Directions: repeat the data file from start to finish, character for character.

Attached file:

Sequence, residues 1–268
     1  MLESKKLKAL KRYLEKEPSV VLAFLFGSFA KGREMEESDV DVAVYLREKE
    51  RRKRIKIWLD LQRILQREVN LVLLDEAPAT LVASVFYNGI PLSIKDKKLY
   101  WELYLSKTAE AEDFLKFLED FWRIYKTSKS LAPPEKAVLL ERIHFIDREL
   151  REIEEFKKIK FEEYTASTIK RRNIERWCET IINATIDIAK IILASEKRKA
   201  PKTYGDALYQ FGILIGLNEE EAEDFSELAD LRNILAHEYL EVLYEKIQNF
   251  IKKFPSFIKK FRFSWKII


Sequence, residues 1–268
     1  MLESKKLKAL KRYLEKEPSV VLAFLFGSFA KGREMEESDV DVAVYLREKE
    51  RRKRIKIWLD LQRILQREVN LVLLDEAPAT LVASVFYNGI PLSIKDKKLY
   101  WELYLSKTAE AEDFLKFLED FWRIYKTSKS LAPPEKAVLL ERIHFIDREL
   151  REIEEFKKIK FEEYTASTIK RRNIERWCET IINATIDIAK IILASEKRKA
   201  PKTYGDALYQ FGILIGLNEE EAEDFSELAD LRNILAHEYL EVLYEKIQNF
   251  IKKFPSFIKK FRFSWKII